I am a person who like to do a lot of things for living. I was wondering of releasing offline cheats for free with a Patreon for donations ONLY. Is it illegal to do that or legal? I really need a professional lawyer to help me answer those 2 things.

  1. Is it legal to release free offline cheats? (My intent is to make people have fun with them offline only)

  2. Patreon is only if people want to really help me out and is not required to download my cheats. It is like donation as I said.

I live in Sweden by the way.

Thanks if anyone can answer these two questions.

  • 2
    If you "really need a professional lawyer," why are you asking a bunch of yoohoos on the Internet? Basically no one here is an actual lawyer.
    – bdb484
    Commented Sep 19, 2021 at 3:52

1 Answer 1


First of all, the definition of hacking and cheating is murky: There is no such thing as a legal definition of cheating. But there is one for hacking.

Hacking is usually defined in the law ​as unauthorized access to a computer or files, be it directly (then often coupled with some sort of trespass) or via the internet.

Cheat codes generally allow modifying the game on the fly. Those were expected input that then resulted in widely unbalanced effects. For example, Age of Empires had E=mc2 trooper that could be sent via the normal text chat. That resulting unit was entirely expected bahavior and in no way unauthorized access to the computer.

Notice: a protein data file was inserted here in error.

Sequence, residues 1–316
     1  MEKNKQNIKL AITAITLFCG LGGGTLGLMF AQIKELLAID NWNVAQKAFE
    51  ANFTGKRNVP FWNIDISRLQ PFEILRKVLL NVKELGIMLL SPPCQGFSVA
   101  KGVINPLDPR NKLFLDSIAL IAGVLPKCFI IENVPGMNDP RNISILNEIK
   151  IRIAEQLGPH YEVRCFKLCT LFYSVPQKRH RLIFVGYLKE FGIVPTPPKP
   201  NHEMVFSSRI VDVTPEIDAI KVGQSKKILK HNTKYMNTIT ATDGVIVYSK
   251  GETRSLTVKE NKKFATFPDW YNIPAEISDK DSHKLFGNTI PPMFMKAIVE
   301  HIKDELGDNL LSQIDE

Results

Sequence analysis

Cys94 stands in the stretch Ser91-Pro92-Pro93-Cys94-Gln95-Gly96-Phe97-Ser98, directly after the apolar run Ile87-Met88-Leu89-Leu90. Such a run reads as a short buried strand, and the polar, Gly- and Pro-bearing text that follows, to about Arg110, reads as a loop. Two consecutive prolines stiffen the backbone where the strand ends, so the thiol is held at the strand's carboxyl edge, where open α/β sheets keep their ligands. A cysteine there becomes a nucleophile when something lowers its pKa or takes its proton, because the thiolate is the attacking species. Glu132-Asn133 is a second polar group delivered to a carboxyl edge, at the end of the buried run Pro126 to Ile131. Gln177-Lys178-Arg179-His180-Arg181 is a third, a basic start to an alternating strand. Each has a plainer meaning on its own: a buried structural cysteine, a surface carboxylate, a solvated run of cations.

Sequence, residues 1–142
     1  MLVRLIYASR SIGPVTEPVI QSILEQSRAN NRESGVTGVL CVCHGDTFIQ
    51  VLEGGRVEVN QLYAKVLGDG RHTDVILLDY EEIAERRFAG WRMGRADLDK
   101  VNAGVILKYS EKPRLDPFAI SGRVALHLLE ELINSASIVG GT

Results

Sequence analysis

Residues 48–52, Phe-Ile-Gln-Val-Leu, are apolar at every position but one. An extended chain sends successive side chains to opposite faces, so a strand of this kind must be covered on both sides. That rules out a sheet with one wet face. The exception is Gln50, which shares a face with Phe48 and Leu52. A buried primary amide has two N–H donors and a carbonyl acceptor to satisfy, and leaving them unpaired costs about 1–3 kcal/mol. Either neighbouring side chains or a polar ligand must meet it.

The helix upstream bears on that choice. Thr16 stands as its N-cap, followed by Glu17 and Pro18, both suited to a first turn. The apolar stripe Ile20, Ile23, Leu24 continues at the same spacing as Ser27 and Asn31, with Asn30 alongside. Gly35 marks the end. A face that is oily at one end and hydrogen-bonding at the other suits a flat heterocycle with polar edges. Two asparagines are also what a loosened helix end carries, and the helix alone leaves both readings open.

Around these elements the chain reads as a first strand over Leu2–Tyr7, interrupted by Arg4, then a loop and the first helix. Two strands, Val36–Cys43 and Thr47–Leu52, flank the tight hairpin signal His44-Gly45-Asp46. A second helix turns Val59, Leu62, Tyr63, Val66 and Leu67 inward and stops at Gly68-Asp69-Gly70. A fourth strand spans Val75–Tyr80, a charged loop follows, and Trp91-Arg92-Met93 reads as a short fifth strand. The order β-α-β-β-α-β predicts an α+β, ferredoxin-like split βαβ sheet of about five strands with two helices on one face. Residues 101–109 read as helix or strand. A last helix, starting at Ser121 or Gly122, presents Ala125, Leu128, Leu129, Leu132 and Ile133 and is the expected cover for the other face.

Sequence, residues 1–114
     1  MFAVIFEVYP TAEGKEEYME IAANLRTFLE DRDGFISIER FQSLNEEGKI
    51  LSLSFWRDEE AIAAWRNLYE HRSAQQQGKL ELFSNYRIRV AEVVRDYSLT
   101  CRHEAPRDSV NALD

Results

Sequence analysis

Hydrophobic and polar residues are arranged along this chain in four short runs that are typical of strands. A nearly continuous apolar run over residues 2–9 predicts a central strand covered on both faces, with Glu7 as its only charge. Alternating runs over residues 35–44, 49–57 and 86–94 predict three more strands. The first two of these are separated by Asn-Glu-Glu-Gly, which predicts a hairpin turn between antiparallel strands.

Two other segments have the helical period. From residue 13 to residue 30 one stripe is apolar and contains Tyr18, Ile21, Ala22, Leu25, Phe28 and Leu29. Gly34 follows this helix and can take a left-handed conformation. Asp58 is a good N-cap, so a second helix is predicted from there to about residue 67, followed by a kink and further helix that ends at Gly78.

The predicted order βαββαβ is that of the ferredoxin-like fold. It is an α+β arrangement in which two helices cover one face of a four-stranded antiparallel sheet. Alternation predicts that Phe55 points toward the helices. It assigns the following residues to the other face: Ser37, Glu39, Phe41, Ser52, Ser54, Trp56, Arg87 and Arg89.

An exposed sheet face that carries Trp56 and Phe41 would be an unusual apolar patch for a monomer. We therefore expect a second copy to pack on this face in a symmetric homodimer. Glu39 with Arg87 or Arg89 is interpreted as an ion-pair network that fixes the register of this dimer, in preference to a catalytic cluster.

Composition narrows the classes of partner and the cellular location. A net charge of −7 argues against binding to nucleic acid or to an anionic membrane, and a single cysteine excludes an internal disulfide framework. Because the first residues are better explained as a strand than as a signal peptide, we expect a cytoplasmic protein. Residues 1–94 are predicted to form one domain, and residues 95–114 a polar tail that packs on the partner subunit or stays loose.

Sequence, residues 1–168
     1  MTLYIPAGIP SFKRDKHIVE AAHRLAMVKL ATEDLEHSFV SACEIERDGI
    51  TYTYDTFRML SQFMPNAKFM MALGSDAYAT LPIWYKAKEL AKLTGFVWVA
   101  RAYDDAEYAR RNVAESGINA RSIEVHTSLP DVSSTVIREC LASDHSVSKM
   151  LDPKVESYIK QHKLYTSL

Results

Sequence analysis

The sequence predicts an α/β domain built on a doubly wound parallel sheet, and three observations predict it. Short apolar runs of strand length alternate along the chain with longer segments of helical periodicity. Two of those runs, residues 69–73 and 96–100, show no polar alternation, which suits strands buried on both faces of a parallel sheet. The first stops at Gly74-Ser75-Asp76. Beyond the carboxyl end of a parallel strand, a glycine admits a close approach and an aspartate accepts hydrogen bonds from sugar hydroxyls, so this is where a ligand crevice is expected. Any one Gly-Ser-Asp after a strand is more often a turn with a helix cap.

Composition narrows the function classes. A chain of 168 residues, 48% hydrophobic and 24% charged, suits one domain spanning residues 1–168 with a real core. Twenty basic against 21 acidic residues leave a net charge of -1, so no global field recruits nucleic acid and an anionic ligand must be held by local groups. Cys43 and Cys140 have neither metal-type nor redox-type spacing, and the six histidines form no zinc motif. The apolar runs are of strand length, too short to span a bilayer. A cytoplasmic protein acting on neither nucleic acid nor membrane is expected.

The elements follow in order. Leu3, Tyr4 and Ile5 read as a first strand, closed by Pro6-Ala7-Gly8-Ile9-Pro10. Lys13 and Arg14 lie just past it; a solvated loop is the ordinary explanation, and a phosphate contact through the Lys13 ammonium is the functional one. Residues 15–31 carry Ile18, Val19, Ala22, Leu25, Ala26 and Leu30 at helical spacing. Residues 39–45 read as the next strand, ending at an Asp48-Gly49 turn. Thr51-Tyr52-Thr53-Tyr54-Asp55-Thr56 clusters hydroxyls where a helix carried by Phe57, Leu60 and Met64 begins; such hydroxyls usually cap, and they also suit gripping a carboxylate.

Related to them are console commands such as opening the developer menu and then typing TGM in any Bethesda game since Morrowind. These are likewise expected behavior and not unauthorized access.

Because these two are generally already expected by the very design of the game, providing a manual on how to use these functions is nothing else but to provide a documentation of the software.

Now, it gets more tricky with modifying the game with external means that are not provided by the publisher or maker of the game. For example, one might have agreed to not use external software to modify the game in the End User Licensing Agreement, and so far no court has ruled anywhere that a prohibition to modify the game or of the RAM would be an unconscionable clause and void.

Few courts have tested these, but under the theory of tortious interference and with a proper EULA clause, cases like the Fortnight Lawsuit from 2017 (settled in 2021) have been brought. In that case, in a wave of trying to get a particular multiplayer cheat software go away, among others a minor was sued for violating the EULA and advertizing this software, which was claimed to violate copyright law. However, the case settled and was mostly hinging on DMCA issues.


It's murky, you need to hash out your business idea better. Also, you have really strong competition: sites like dlh.net have accrued literally millions of cheat codes over more than 3 decades. I even remember when DirtyLittleHelper was provided as software on a GameStar CD that then would update the database of cheats for games I never even heard of in the late 1990s and early 2000s - there were already hundreds of thousands of entries there then.

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